-- The crucial swing state of North Carolina is a bit farther south from the Brooklyn neighborhood Lena Dunham’s "Girls" character normally inhabits, but political activism is right on brand.
Dunham has hit the campaign trail in the battleground state to support Hillary Clinton. The Democratic nominee's campaign hopes Dunham’s star power will help them court the all-important millennial vote.
"It would be easy for me to walk around New York espousing Hillary Clinton, but I don’t think I need to," Dunham said. "It’s important to go where you’re necessary and your voice may matter."
But getting out the vote is not without its obstacles. The fallout from the latest FBI email controversy has been piling up.
"I think the Hillary base is so sort of sick of these baseless attacks that take away from the primary message, which is that we have a qualified candidate versus a dangerous candidate," Dunham said. "At the end of the day, the stuff with the emails is just a distraction and Hillary supporters don’t want to talk about it anymore."
Back in July, it was Comey himself who told Congress that, after combing through Clinton’s emails, he didn’t have enough evidence to charge her.
But emails found during a different investigation of disgraced former Congressman Anthony Weiner, who allegedly was sexting with an underage girl, have re-surfaced the issue. Investigators said Weiner shared a computer with his now-estranged wife and top Clinton aide Huma Abedin.
Dozens of cyber experts are pouring over thousands of emails.
Abedin’s attorney told ABC News that "[Huma] only learned for the first time on Friday, from press reports, of the possibility that a laptop belonging to Mr. Weiner could contain emails of hers. While the FBI has not contacted us about this, Ms. Abedin will continue to be, as she always has been, forthcoming and cooperative."
Comey’s handling of the situation has generated fierce criticism from both Democrats and Republicans and a growing list of former Attorneys General from both sides of the aisle who are coming out against him.
"I think his decision has raised some very troubling questions and is to some degree very puzzling to someone like me," said Republican former U.S. Attorney General Alberto Gonzales. "People are left to speculate about the possibilities of a criminal investigation and ultimately a criminal conviction of Secretary Clinton, and of course she may be totally innocent."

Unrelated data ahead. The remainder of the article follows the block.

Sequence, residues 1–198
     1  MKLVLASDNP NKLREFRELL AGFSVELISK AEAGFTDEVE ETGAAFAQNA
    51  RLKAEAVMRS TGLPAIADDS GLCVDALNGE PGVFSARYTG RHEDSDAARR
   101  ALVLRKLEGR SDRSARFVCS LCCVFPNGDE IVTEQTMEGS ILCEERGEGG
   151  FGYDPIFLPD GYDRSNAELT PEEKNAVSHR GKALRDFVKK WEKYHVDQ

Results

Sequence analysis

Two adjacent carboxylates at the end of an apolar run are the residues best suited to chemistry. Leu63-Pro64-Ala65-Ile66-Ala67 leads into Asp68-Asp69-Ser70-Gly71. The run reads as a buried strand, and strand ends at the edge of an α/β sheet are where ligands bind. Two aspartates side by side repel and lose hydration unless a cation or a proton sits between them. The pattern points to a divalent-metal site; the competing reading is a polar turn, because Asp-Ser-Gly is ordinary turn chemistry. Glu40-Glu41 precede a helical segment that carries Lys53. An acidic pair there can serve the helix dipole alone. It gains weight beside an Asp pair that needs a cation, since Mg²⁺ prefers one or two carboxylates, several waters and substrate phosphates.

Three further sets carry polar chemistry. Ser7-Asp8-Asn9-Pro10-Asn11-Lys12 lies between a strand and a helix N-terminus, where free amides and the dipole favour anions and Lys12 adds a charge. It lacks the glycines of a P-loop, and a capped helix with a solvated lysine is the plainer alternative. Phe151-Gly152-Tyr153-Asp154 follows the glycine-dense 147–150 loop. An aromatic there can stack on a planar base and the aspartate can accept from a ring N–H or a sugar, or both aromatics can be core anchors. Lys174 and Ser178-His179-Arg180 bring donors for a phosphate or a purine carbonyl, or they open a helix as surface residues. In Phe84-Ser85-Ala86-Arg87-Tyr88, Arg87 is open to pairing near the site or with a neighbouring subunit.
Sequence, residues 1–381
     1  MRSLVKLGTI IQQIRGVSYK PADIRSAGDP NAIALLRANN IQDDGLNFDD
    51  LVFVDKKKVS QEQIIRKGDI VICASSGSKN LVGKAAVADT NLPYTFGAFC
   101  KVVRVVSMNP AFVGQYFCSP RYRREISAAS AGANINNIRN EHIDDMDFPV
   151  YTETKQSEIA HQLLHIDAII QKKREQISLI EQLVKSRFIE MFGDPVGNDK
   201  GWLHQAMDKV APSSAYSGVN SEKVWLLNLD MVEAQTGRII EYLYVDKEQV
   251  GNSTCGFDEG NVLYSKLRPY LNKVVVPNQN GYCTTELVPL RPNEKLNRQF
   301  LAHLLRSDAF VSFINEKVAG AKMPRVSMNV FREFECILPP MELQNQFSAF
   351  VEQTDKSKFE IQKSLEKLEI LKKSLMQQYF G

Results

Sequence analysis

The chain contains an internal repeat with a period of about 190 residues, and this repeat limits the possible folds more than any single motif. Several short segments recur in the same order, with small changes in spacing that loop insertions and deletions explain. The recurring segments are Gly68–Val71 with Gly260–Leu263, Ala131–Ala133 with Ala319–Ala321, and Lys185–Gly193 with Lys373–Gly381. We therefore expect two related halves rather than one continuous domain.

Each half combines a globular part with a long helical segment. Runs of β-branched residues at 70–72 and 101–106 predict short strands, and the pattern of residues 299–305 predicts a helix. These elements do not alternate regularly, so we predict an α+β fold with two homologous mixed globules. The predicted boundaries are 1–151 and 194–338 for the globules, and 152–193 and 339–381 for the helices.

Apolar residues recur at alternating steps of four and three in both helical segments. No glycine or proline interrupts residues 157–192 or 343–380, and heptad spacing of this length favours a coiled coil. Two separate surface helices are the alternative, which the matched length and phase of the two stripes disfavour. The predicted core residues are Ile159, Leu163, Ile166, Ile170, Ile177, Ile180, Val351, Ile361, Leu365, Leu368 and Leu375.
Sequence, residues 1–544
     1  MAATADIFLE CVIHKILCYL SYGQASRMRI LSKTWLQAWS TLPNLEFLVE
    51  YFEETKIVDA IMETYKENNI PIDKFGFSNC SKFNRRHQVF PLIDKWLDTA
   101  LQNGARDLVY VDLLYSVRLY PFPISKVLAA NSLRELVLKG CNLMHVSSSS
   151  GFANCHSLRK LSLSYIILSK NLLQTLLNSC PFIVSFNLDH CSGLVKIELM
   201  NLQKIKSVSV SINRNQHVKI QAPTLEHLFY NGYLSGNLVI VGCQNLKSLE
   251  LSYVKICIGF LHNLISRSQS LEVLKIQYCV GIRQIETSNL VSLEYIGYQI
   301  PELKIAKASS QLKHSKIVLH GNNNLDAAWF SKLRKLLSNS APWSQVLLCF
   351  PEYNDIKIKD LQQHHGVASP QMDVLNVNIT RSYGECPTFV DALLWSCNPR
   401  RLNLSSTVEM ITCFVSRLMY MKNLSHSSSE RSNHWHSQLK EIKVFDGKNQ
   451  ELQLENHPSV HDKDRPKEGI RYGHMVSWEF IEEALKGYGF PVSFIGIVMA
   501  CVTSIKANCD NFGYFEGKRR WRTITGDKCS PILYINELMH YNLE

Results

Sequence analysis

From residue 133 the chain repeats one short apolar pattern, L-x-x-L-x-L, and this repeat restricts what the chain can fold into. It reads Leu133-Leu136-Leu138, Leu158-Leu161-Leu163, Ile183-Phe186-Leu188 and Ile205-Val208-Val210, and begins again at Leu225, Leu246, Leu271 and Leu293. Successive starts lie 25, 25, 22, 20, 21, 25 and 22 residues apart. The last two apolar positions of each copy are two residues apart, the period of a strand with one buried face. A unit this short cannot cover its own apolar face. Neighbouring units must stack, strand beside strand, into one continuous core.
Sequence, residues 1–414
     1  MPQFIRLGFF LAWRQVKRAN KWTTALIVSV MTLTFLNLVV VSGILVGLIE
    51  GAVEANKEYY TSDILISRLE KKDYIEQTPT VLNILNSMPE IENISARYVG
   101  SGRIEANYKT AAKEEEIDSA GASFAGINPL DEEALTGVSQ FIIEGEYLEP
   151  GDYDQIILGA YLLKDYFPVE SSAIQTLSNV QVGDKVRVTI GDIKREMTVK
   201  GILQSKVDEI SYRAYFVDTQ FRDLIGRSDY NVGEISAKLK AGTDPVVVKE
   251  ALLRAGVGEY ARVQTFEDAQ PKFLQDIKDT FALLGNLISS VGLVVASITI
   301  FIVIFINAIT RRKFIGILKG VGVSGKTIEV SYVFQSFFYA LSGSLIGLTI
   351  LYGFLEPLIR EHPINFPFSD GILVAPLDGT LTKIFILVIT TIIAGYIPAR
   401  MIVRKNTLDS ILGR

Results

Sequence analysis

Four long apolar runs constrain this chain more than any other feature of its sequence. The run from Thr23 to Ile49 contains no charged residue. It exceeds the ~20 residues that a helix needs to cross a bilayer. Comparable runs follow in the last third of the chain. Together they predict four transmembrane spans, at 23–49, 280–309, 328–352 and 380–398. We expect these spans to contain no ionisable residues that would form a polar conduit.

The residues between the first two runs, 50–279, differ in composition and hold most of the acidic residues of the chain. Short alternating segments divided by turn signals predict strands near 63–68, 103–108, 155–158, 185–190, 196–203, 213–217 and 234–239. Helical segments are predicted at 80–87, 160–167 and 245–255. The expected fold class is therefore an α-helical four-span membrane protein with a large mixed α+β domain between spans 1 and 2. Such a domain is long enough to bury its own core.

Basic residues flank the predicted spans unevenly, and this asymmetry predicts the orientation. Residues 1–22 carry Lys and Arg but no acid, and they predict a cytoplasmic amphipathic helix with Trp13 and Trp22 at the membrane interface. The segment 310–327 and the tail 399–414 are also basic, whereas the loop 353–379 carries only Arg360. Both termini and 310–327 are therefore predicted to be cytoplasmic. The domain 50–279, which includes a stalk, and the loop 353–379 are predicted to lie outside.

"I think this was a terrible error in judgment by the director," said Rep. Adam Schiff, D-Calif.
The Department of Justice responded to the criticism with a letter to several lawmakers, saying, "The Department of Justice appreciates the concerns raised in your letter. We assure you that the department will continue to work closely with the FBI and dedicate all necessary resources and take appropriate steps as expeditiously as possible."
Donald Trump has seized every opportunity to pummel his opponent the investigation of these additional emails.
"It’s a Christmas gift [for Trump] for sure," said ABC News' Deputy Political Director Shushannah Walshe. "It feeds the story that she’s not honest, she’s not trustworthy. It’s a storyline she’s been trying to combat this entire campaign."
But in North Carolina, the race isn’t just tightening, it’s "do or die" for Trump. Walshe said North Carolina is a true swing state because in 2008 it went to President Obama, but in 2012 it went to then-Republican presidential candidate Mitt Romney.
Despite the latest email controversy, if only American millennials were to vote today, according to polls and surveys, the election would be a landslide win for Clinton. The real question is, will they show up to vote on election day?
"It's easy for young millennials who are impassioned about what I'll just call the blanket issue of civil rights to lose faith in their government," Dunham said. "But the fact is, our vote is how we change the system."
Other millennial voters have very different ideas about how the system should change. Some college Republicans at UNC-Greensboro said they are supporting Trump because he addresses the issues they believe in.
For UNC-Greensboro student and College Republican member Ilinca Scalco, it’s "abortion, same sex marriage, just the whole idea of being conservative."
"[Trump] wasn’t my first choice," Scalco added. "He’s not a perfect man. We’ve never seen a perfect candidate."
At Duke University, where Dunham spoke at a panel discussion over the weekend to an auditorium of pro-Clinton students, she fielded tough questions about the email controversy from the Clinton faithful.
"We have to be prepared to be protective of the women in our lives," Dunham told the room. "White patriarchy is like a beast in a movie that’s been stabbed and is just dying so slow and screaming as it goes down and I just am afraid of what that’s going to look like."
Dunham says there’s a silver lining for what has been a gray and dreary campaign season for many.
"I've been so excited to see how many kids, how many students I've seen in North Carolina who have been saying that they've voted early," Dunham said. "I think that there’s a sense that the moment is upon us and we have to seize it."